I tried windsurfing a long time ago, when I lived on the California coast near San Francisco. Back then, the occasional shark attack on a surfer, not to mention the movie Jaws, was enough to keep everyone I knew out of salt water.
I can't say that I've gotten over my fear of sharks. Stats don't help: You're more likely to be struck by lightning than be bitten by a shark, especially if you stay on shore; however, there's always an exception. Just because you can't think of one doesn't mean a shark won't.
Learning about sharks doesn't help either. For instance, if you think you're safe in fresh water, you've never heard of a bull shark--or a porbeagle. Porbeagles have nothing to do with dogs. I hear they're a problem mostly in Venezuela, but there's no guarantee they won't vacation in the Hudson someday.
Fortunately, irrational fears that are deaf to reason are tuned to ridicule. I owe a great debt to the silly 2005 TV series Invasion. You'll recall that fluorescent orange swimming aliens were snatching people off Florida boats and riverbanks, sticking their tentacle-tipped legs into the victims' torsos, and taking over their bodies. It didn't scare me because I couldn't stop snickering. A few times when my husband wouldn't put down his newspaper, I tried out the moves on him. It didn't scare him either.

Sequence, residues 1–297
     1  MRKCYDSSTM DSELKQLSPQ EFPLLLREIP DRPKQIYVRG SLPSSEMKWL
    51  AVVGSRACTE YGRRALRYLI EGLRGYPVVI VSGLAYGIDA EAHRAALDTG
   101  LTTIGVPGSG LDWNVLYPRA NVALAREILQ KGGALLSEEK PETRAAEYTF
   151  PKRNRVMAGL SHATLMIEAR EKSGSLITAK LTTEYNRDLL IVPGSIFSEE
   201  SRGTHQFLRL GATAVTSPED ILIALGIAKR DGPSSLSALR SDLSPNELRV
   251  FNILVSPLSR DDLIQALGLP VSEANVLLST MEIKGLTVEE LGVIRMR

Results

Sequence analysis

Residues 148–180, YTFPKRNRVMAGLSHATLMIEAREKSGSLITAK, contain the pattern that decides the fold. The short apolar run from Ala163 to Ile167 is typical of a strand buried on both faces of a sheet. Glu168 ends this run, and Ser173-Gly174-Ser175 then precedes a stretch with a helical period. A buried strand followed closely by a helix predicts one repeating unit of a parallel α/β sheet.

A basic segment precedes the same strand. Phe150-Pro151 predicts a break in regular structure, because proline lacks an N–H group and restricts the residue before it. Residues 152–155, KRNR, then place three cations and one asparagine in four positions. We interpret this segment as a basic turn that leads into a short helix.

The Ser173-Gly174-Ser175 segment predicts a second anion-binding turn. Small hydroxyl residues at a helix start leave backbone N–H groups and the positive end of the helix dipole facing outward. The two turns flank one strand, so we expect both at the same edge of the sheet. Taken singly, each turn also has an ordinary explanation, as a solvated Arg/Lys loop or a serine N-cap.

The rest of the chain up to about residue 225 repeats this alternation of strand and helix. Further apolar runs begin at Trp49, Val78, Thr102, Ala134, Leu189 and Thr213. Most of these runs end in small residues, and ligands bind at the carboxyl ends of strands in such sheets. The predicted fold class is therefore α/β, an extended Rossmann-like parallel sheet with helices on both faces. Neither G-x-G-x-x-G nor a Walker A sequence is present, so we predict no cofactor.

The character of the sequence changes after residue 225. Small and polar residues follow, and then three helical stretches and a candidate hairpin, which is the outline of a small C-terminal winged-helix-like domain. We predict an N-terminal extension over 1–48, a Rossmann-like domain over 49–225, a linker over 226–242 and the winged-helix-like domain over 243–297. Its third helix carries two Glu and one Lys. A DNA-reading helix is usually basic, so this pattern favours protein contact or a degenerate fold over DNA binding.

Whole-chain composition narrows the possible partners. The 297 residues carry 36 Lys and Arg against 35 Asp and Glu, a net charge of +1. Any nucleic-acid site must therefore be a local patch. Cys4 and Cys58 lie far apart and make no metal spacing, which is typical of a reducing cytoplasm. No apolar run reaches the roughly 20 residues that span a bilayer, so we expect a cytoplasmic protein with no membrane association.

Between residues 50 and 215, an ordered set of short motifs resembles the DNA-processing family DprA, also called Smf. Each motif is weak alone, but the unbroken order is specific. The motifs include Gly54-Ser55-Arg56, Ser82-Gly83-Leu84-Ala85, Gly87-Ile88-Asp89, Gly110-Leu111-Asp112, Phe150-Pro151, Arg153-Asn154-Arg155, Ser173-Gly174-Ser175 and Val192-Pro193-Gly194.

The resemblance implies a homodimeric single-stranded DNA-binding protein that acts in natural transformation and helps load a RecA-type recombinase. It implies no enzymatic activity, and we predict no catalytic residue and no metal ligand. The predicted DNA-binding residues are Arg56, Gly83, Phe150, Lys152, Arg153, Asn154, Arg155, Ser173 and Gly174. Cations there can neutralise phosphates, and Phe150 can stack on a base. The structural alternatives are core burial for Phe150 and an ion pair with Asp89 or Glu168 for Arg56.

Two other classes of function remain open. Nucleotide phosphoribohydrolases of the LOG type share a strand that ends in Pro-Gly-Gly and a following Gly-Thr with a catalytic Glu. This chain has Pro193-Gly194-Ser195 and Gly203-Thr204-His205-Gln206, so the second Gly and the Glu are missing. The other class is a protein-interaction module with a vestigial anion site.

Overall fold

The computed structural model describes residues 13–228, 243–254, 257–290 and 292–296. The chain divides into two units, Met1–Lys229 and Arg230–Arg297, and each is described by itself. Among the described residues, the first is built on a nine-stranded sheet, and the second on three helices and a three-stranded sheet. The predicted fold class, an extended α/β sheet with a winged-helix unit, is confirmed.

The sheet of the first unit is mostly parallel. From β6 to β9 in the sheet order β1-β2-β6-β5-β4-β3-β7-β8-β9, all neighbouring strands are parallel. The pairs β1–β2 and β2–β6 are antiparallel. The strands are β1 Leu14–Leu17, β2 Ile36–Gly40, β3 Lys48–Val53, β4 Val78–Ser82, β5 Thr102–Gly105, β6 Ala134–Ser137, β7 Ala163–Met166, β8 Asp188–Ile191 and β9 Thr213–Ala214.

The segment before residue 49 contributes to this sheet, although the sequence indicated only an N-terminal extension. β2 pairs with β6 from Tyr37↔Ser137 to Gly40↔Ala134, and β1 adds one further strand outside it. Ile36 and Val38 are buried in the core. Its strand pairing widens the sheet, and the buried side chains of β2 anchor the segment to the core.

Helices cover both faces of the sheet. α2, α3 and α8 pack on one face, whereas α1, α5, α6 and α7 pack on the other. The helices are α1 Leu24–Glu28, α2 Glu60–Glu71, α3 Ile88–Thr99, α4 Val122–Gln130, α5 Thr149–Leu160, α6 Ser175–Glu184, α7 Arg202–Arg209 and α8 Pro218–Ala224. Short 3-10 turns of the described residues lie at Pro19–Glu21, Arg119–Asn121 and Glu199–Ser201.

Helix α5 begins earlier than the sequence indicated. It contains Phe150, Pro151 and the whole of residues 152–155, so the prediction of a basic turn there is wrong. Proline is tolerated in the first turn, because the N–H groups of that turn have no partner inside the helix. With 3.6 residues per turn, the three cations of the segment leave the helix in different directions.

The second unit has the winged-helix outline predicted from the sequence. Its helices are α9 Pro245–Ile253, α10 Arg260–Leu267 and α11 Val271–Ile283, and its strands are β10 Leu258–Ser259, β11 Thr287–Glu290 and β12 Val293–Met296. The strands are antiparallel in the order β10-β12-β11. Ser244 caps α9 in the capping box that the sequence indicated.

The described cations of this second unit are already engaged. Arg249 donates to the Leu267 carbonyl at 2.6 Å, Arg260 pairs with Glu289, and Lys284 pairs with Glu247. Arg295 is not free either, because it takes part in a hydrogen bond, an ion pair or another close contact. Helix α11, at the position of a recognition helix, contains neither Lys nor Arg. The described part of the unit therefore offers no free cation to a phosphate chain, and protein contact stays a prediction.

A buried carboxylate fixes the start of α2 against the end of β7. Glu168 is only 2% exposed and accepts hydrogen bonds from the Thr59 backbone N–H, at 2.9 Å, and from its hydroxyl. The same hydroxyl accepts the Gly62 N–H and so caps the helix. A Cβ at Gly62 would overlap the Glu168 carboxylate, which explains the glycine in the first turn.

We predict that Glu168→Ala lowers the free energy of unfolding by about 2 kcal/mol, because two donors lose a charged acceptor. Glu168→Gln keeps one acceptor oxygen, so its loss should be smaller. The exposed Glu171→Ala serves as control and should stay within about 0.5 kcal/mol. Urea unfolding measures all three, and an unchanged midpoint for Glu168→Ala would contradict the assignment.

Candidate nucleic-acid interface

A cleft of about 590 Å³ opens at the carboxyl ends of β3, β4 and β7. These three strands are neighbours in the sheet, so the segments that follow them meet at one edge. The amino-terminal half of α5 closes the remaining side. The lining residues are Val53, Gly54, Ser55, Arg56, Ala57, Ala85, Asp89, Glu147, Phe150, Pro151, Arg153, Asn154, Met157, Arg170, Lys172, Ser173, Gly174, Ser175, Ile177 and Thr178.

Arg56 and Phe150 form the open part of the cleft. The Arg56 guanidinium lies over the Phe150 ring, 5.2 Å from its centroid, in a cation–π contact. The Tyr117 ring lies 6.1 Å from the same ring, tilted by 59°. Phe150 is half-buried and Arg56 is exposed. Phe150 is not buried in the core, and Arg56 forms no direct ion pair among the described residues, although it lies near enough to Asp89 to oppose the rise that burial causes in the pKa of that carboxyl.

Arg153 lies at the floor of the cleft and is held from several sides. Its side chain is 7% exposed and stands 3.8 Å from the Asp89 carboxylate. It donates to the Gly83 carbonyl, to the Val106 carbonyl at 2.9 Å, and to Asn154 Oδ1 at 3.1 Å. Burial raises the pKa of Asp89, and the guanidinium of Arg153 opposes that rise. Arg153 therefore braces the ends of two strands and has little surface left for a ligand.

Now I snicker about Day-Glo aliens when I'm at the beach. Still, I've been learning to windsurf only on lakes so far. Bull sharks can only get you if there's a direct link to the ocean; even so, I like to think that a sensible respect for offshore currents is what keeps me inland.
The only scary thing I've seen on the lakes here was a water snake. Sure, I ran to shore like one of those web-footed tropical lizards, but that was only out of respect for lake ecology. I could've grabbed it with my bare hands. Really.